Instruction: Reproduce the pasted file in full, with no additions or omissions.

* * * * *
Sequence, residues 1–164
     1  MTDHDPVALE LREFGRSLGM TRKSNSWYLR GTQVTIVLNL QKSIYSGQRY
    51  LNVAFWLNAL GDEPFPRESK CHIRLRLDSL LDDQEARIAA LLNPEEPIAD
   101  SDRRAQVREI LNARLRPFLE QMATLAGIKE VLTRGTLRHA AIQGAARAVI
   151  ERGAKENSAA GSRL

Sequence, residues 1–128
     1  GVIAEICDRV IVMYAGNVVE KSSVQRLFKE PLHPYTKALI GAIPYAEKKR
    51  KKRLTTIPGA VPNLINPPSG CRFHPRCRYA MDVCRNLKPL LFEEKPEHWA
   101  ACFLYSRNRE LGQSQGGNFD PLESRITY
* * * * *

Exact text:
Sequence, residues 1–164
     1  MTDHDPVALE LREFGRSLGM TRKSNSWYLR GTQVTIVLNL QKSIYSGQRY
    51  LNVAFWLNAL GDEPFPRESK CHIRLRLDSL LDDQEARIAA LLNPEEPIAD
   101  SDRRAQVREI LNARLRPFLE QMATLAGIKE VLTRGTLRHA AIQGAARAVI
   151  ERGAKENSAA GSRL

Sequence, residues 1–128
     1  GVIAEICDRV IVMYAGNVVE KSSVQRLFKE PLHPYTKALI GAIPYAEKKR
    51  KKRLTTIPGA VPNLINPPSG CRFHPRCRYA MDVCRNLKPL LFEEKPEHWA
   101  ACFLYSRNRE LGQSQGGNFD PLESRITY